Savings & borrowing caution urged after Covid’s ‘great financial divide’ – 2021 outlook | Personal Finance | Finance

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Savers have been hit hard by coronavirus this year as the world’s economy was brought to a halt by the pandemic. While the effects of the disease have been broadly negative in all areas, a lucky few have been able to actually improve their financial standing in what Shawbrook Bank term the “great financial divide”.

The company analysed data from a survey of 2,000 UK adults, taken between November 29 and December 2 2020.

According to their findings, 64 percent of people who have suffered a loss of income in 2020 were worried about being unable to pay a large, unexpected bill.

Additionally, 39 percent revealed they were concerned about maintaining their current credit agreements into the new year.

On the flipside of this, many British people have managed to build their savings this year as expenses reduced and the same research showed families across the UK are keen to take advantage of this in 2021.

READ MORE: 52 week saving challenge: How you could save over £1,300 in 2021

The differences in fortunes continued to be explored as consumer habits were examined.

Since the start of the first lockdown, 24 percent of the respondents said reduced outgoings had a positive impact on their finances and 21 percent used this year to pay down their debts.

However, a quarter of those surveyed said they were in a financially weaker position than they were before March, with 22 percent not expecting to be any better off by the end of 2021.

The research concluded by pointing out that while some people have managed to clear their debts this year, a slightly higher number of people (22 percent) have seen what they owe rise this year and 28 percent of people plan to borrow over the next 12 months.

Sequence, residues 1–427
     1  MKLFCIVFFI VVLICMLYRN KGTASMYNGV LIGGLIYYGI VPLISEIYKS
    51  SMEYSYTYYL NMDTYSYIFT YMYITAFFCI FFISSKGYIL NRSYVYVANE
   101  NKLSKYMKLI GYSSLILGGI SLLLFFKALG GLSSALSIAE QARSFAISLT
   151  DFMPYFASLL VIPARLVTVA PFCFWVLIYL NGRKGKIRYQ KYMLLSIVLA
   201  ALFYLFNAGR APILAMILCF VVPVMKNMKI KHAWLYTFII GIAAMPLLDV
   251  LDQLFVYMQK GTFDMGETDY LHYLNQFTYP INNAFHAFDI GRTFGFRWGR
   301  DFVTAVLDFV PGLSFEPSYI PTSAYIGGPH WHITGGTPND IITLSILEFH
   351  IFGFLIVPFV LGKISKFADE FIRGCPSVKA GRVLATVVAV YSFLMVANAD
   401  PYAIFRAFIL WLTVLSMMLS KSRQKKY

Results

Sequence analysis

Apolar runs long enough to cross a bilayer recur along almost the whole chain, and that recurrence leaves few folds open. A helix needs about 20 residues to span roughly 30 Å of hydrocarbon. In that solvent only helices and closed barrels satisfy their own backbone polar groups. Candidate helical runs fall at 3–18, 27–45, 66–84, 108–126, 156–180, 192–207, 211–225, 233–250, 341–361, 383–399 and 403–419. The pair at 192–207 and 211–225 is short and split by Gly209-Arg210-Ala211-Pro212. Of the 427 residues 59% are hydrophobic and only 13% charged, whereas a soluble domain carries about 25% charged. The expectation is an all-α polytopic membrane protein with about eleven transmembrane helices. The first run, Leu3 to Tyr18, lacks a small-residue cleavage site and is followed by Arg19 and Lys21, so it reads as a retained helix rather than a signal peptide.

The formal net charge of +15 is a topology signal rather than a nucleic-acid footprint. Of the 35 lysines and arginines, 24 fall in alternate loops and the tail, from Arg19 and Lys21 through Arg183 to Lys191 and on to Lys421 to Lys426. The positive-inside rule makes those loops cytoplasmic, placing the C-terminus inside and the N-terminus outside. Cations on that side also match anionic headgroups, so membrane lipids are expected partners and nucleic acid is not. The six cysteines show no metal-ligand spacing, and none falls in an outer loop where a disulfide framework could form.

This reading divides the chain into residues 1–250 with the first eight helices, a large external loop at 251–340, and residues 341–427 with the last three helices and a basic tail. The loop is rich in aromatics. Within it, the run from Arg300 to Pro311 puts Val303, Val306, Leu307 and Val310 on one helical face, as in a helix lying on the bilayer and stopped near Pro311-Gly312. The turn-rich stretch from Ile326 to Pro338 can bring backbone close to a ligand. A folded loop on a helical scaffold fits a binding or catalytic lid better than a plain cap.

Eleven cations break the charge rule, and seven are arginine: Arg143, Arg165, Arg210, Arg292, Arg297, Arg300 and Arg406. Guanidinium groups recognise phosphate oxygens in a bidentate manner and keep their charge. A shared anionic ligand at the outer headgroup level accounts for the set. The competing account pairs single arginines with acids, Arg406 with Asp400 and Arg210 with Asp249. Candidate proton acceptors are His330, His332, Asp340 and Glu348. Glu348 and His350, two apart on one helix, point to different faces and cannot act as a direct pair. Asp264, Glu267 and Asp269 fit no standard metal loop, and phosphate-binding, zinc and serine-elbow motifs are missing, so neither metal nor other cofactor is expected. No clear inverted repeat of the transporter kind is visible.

Paul Went, a Managing Director at Shawbrook Bank, responded to the findings and provided advice for those who are struggling: “2020 has been a challenging year for us all and we have had to adapt to unprecedented circumstances.

“As a country, we entered a recession for the first time in 11 years.

“Families facing furlough or reduced hours have had to cut back on spending to meet everyday living costs while others have been lucky enough to put a little extra aside.

“Whatever category you fall into, the beginning of the year is a great time to assess your finances, and the coronavirus pandemic has only highlighted the importance of saving and budgeting.

“Taking money management back to the basics by reviewing how much you have coming in versus what is going out is always the best place to start if you want to get on top of your finances.

“Wherever possible people should aim to have three months of expenses saved up as a rule of thumb, as this will give you a buffer should the unexpected occur.

“For those thinking about borrowing or taking out new credit, this is not a decision to rush into,” he continued.

“Think carefully and take the time to shop around to make sure you are getting the best deal for you.

“If your circumstances change, would you be able to afford repayments? Do your research before committing to any additional finance and make sure you read the small print within any contracts.”





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